Designed and built between 1896–1899, the 54-room mansion is the work of distinguished architectural company McKim, Mead & White. Charles Follen McKim designed the plan in the Beaux-Arts style and Stanford White assisted as an antiques buyer.
The house has a classic Beaux-Arts plan, with the major public rooms on its ground floor — the central Elliptical Hall, Dining Room, and Living Room — all in one line, parallel to the Hudson River. North and South Foyers provide transitional space from the Hall to the Dining Room and Living Room. Five secondary spaces are located off the Elliptical Hall: the Lobby, Den, Gold Room, Grand Stair Hall, and Lavatory. The second floor rooms, comprising Mrs. Vanderbilt's suite of Bedroom, Boudoir and Bathroom (designed by Ogden Codman), Mr. Vanderbilt's Bedroom and Bathroom, Guest Bedrooms and Baths and the Linen Room, are disposed around the Second Floor Hall and the North and South Foyers. The third floor contains five additional guest bedrooms, and a Servants' Hall separated from the guests' rooms by a door at the main staircase. Supported by both concrete and steel, the Vanderbilt mansion was considered modern for its time. The mansion also included plumbing and forced hot air central heating and electric lighting which was powered by a hydroelectric plant built on the estate on the Crumb Elbow stream. The Vanderbilt estate had electric lighting before the surrounding area.
Frederick's interest in and love of horticulture caused him to develop several large gardens on the Vanderbilt estate. These lavish gardens incorporated the formal “Italian” style. This meant that the beds were arranged in such a way that if you drew a line across the middle, either horizontally or vertically, one side of the line would mirror the other side. These formal gardens also consisted of multiple tiers, which depended on the type of plants. Each level was different. Frederick himself added the rose garden which contained almost 2000 “vintage” rose bushes along with other kinds of roses. The Vanderbilt gardens were grand and exquisite.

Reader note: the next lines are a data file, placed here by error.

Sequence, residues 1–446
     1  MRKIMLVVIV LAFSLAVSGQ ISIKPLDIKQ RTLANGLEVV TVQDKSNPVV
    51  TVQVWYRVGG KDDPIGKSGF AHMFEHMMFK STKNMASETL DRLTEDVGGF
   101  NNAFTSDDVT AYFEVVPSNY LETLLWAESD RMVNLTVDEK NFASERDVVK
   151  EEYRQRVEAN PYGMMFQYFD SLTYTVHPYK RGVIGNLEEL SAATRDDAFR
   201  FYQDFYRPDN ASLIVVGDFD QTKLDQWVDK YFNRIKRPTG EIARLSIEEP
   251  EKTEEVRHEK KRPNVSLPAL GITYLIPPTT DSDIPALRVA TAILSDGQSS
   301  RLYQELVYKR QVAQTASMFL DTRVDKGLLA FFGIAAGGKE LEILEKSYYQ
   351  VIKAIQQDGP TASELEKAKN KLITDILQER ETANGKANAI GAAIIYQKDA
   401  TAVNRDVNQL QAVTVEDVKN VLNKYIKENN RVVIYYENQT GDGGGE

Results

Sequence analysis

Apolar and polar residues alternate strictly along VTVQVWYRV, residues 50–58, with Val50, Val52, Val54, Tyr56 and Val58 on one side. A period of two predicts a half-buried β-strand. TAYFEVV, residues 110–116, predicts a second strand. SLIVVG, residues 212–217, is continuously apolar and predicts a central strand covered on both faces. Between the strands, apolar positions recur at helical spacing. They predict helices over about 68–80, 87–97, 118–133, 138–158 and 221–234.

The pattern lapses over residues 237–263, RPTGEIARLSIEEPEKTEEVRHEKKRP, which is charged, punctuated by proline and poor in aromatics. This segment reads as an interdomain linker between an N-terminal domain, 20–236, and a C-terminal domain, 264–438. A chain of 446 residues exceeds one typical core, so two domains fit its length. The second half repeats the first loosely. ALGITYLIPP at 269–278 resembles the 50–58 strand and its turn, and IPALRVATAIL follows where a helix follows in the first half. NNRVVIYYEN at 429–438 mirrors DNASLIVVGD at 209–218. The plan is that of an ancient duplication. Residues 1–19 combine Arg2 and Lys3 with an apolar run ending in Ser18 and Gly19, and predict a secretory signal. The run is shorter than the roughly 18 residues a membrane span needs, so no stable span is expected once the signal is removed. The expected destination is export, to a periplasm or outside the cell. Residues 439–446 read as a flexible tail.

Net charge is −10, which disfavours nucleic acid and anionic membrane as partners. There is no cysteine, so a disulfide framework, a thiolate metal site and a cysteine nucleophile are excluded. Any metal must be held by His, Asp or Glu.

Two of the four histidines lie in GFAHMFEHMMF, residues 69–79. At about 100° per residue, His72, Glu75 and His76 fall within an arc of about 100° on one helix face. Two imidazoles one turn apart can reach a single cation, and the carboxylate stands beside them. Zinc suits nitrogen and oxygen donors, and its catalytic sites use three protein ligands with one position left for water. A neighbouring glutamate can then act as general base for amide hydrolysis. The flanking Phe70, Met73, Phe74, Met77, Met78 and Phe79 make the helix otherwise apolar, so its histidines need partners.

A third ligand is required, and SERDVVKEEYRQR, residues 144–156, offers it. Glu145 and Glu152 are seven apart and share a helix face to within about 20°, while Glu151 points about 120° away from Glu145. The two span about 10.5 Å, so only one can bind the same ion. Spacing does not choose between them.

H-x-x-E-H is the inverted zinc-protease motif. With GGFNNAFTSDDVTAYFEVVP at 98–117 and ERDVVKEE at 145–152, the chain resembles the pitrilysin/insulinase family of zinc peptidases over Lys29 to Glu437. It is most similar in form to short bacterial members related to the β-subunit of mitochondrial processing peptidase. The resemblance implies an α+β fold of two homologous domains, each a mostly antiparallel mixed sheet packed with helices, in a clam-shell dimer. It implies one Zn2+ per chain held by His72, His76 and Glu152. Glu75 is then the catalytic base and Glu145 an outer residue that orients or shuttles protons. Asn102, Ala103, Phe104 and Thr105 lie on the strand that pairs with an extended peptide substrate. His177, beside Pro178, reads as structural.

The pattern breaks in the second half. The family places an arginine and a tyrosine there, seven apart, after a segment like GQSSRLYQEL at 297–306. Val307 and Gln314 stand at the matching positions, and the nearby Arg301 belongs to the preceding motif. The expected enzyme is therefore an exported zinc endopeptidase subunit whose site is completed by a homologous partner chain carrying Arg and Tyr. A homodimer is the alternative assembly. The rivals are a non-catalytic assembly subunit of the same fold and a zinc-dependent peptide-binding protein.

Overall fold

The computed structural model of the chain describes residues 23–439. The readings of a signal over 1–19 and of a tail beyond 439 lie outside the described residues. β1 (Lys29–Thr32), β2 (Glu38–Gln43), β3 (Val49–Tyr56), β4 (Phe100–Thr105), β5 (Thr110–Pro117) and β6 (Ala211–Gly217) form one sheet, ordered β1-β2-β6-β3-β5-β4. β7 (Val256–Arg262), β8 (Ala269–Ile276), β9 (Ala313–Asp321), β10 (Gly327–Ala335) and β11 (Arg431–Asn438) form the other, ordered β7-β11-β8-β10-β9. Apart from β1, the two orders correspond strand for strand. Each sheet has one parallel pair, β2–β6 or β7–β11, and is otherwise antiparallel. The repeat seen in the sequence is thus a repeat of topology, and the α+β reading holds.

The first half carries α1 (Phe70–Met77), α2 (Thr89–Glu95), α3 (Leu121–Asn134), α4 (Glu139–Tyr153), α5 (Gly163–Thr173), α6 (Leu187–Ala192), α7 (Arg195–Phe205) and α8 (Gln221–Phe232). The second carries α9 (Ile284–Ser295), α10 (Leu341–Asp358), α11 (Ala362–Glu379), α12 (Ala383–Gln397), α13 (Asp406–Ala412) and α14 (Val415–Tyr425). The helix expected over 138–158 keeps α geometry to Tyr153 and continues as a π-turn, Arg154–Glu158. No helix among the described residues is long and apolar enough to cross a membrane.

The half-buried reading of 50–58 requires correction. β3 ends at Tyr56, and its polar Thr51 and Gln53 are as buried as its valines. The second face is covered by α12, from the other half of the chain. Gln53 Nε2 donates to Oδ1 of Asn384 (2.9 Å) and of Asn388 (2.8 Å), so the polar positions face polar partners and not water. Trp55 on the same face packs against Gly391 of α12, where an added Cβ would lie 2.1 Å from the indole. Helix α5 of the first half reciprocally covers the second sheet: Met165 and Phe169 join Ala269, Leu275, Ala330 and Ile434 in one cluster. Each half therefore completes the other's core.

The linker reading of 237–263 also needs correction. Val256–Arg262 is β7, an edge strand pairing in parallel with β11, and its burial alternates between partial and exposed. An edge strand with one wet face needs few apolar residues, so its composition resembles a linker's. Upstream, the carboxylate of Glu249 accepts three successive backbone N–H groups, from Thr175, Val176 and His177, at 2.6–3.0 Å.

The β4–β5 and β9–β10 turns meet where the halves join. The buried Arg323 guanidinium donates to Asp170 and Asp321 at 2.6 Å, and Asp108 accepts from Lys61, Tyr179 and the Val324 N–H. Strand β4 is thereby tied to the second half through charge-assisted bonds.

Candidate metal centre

- Great Houses of the Hudson River, Michael Middleton Dwyer, editor, with preface by Mark Rockefeller, Boston, MA: Little, Brown and Company, published in association with Historic Hudson Valley, 2001. ISBN 0-8212-2767-X.
- National Park Service (2010-07-09). "National Register Information System". National Register of Historic Places. National Park Service.
- "Vanderbilt Mansion A Gilded-Age Country Place" (PDF). National Park Service. 2008. Retrieved July 12, 2016.
- "Vanderbilt Mansion", National Park Service
This article incorporates text from National Park Service documentation, which as a product of the US Government is in the public domain.
|Wikimedia Commons has media related to Vanderbilt Mansion.|
- Vanderbilt Mansion National Historic Site
- Vanderbilt Mansion National Historic Site: Monument to the Gilded Age, a National Park Service Teaching with Historic Places (TwHP) lesson plan
- Photographs and architectural sketches of the Vanderbilt Mansion
- Historic American Engineering Record (HAER) No. NY-317, "Vanderbilt Mansion Roads & Bridges, Hyde Park, Dutchess County, NY", 25 photos, 7 color transparencies, 18 data pages, 3 photo caption pages
- HAER No. NY-318, "White Bridge, Spanning Crum Elbow Creek", 5 photos, 2 color transparencies, 12 data pages, 1 photo caption page
- HAER No. NY-319, "Bard Rock Bridge, Spanning New York Central Railroad tracks", 4 photos, 8 data pages, 1 photo caption page
- HAER No. NY-320, "Dock Street Bridge, Spanning Crum Elbow Creek", 4 photos, 6 data pages, 1 photo caption page
- HAER No. NY-321, "Rustic Bridge, NPS Route No. 13 spanning Crum Elbow Creek", 5 photos, 11 data pages, 1 photo caption page
- HAER No. NY-322, "U.S. Route No. 9 Bridge, Spanning Crum Elbow Creek", 4 photos, 8 data pages, 1 photo caption page
- HAER No. NY-323, "Trail Bridge, Spanning New York Central Railroad tracks", 4 photos, 1 photo caption page